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One example of how Public Source switched out the language and style of the newsletter CTAs asking people to subscribe.

How to deepen the impact of newsletter call to actions

A few wording, colors, style changes to increase subscribers to PublicSource newsletters 

Newsletter subscriber growth can be a never ending and intimidating goal. This month we explored one practical strategy that helped a small newsroom learn more about their audience and contribute to the growth of their subscriber list. Working with PublicSource, a nonprofit newsroom in Pittsburgh, we built on a lesson they learned during a recent fundraising campaign: Frequently changing the messaging, style and colors on their call to action boxes increased the amount of donations they received.  

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We wanted to test whether this would also work for newsletter CTAs. We knew that changing these notices weekly would add one more task to an already small audience team, so we identified tools and a workflow that can help with this consistent experimentation. Here’s what we learned:

Defining success

After talking to newsletter consultants and editors, we knew it was important to write a hypothesis that outlined what we were testing and how we would measure the success of it.

Hypothesis: Once a week for four weeks, If we post different newsletter calls to action that are specific to PublicSource’s categories, such as education or local government, there will be an increase in newsletter subscriptions when we change the language, style and colors. We will look at the number of new subscribers from analytics in WordPress and Mailchimp.

Choosing our focus 

Because PublicSource’s most popular articles fall into the local government and education section of their website, we focused our efforts there. By changing the language on calls to actions in these sections, we were hoping to create a more personalized experience for the reader. We also hoped this specific language would better show the value of the newsletter.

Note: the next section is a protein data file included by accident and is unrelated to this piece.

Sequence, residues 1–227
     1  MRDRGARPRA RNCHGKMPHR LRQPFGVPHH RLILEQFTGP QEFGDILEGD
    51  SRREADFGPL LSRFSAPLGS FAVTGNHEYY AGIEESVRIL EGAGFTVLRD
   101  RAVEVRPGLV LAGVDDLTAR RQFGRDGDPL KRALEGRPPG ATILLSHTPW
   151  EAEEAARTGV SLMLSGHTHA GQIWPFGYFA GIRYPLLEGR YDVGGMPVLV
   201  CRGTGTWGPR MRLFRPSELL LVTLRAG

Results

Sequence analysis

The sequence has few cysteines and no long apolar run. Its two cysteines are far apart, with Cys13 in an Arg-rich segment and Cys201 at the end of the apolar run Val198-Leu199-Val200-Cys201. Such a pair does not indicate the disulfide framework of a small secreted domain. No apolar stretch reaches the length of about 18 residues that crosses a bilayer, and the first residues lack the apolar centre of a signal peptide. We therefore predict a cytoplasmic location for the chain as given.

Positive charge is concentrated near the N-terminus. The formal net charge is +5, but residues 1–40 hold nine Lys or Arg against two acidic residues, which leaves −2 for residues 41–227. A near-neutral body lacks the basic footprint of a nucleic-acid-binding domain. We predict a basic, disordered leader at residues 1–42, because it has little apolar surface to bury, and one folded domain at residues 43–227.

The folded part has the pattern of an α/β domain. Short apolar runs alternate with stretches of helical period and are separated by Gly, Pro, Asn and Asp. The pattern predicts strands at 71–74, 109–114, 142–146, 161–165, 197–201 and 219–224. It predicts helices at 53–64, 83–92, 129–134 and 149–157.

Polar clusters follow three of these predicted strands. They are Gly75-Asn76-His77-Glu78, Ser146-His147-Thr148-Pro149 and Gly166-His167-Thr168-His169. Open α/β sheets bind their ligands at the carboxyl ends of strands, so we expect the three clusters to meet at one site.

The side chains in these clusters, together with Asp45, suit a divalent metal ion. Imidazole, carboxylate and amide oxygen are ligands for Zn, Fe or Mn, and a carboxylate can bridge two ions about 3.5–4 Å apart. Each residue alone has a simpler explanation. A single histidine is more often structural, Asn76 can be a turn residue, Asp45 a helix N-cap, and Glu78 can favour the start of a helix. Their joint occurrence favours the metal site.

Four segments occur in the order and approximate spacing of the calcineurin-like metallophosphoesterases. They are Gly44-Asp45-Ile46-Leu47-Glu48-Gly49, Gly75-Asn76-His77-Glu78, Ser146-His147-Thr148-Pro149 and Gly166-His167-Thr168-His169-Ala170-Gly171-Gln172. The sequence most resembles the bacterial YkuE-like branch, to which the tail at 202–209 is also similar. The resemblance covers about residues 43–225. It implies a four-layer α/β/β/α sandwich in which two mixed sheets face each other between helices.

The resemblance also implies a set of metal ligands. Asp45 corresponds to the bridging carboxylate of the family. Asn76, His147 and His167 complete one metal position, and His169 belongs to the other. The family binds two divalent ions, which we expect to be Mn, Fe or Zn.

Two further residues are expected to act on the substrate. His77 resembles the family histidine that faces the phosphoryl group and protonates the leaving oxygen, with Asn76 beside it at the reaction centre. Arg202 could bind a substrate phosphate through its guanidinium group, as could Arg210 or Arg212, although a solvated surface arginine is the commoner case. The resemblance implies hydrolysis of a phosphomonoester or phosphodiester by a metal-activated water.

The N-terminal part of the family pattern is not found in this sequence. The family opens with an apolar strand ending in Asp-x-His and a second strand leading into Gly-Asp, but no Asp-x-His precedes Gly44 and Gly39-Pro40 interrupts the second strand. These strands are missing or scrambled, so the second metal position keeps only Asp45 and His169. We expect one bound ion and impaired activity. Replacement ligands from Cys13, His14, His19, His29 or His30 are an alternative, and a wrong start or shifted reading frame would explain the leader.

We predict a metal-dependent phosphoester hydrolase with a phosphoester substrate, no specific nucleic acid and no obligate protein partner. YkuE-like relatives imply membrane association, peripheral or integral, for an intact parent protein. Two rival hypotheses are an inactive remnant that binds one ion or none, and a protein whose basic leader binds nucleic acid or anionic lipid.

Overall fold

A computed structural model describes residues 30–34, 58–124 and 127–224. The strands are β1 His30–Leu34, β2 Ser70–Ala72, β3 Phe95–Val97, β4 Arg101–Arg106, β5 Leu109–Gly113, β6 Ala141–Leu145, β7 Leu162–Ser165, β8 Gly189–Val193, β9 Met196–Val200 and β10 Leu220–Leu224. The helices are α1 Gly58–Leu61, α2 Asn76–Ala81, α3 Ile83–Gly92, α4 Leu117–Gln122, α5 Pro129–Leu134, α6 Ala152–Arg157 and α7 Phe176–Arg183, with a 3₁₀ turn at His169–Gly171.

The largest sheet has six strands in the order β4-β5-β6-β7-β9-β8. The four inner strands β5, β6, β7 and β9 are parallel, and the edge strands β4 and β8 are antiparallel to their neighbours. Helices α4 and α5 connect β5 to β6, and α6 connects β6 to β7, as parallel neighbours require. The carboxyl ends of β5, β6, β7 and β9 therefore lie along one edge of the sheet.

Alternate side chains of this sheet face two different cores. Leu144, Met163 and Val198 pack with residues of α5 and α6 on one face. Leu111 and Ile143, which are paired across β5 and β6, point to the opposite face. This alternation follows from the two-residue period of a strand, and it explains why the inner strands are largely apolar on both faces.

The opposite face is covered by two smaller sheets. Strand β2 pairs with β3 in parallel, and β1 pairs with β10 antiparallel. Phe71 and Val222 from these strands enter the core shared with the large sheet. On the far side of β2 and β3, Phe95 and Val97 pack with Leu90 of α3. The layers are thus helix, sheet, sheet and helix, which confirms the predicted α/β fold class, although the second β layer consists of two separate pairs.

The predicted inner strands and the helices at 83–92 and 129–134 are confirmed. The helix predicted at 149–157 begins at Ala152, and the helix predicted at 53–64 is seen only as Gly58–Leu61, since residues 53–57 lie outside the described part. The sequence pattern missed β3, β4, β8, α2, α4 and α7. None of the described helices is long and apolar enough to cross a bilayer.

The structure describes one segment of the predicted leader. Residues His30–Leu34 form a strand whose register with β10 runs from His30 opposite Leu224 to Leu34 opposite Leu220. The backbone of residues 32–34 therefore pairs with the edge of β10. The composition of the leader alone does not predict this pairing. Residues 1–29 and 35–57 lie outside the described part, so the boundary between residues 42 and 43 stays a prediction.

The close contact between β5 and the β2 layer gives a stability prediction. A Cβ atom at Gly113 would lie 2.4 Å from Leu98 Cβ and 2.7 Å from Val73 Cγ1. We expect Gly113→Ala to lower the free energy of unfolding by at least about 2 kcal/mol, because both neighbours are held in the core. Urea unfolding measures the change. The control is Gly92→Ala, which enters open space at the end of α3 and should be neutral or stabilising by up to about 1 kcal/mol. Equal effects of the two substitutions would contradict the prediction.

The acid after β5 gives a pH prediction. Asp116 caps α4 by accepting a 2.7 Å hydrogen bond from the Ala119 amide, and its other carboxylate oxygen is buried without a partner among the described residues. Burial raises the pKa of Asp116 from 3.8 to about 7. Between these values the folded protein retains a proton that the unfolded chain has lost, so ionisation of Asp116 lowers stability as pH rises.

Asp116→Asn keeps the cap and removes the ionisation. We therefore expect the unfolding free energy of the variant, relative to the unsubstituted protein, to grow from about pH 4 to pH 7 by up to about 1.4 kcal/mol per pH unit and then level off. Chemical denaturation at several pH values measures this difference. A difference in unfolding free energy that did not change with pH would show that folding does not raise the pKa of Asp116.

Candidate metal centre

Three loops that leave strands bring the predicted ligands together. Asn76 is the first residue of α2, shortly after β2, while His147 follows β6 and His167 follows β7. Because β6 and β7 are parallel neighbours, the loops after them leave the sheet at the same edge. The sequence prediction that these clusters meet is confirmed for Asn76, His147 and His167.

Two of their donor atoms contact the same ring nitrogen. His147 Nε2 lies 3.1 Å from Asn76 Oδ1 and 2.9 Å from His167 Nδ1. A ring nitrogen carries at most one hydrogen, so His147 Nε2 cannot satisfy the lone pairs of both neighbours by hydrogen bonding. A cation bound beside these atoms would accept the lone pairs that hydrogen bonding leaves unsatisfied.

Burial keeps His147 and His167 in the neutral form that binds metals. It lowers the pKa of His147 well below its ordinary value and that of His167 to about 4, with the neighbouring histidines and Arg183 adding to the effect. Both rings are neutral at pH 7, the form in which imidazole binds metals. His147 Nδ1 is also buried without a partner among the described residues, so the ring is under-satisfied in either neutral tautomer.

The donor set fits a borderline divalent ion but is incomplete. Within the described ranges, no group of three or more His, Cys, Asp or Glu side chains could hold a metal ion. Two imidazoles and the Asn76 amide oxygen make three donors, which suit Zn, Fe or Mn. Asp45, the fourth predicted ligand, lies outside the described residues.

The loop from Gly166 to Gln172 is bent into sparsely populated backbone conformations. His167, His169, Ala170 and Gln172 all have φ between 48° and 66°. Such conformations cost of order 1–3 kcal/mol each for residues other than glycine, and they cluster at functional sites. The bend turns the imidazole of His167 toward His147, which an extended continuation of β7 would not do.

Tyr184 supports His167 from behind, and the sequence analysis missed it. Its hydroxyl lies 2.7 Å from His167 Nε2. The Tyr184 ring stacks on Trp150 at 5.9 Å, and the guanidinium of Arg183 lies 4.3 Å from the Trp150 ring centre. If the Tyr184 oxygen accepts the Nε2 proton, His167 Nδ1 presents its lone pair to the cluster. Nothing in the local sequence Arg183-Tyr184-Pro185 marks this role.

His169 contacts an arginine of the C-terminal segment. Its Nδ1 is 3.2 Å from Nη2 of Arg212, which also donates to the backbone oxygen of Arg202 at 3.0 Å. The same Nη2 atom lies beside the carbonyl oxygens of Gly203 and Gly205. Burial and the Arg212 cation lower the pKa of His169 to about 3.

A bonus: PublicSource has been thinking about creating a specific newsletter product for one or both of these beats. This experiment promised to give some early insights into how audience’s engaged with these stories.

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An example of PublicSource’s general newsletter call to action before experimenting with language specific to local government and education.
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An example of one of the local government-specific CTA that we tried during the experiment.

Establishing a smooth workflow

Tools that helped with organization included a Notion document and a Google Sheet. Similar to Google Docs, Notion documents allows multiple editors on a doc but offers some more sophisticated features like generative AI tools, sortable tables and embeds

Screenshot from Notion

In this document, we included:

  • A timeline which included a calendar to help us stay on track with the weekly updates.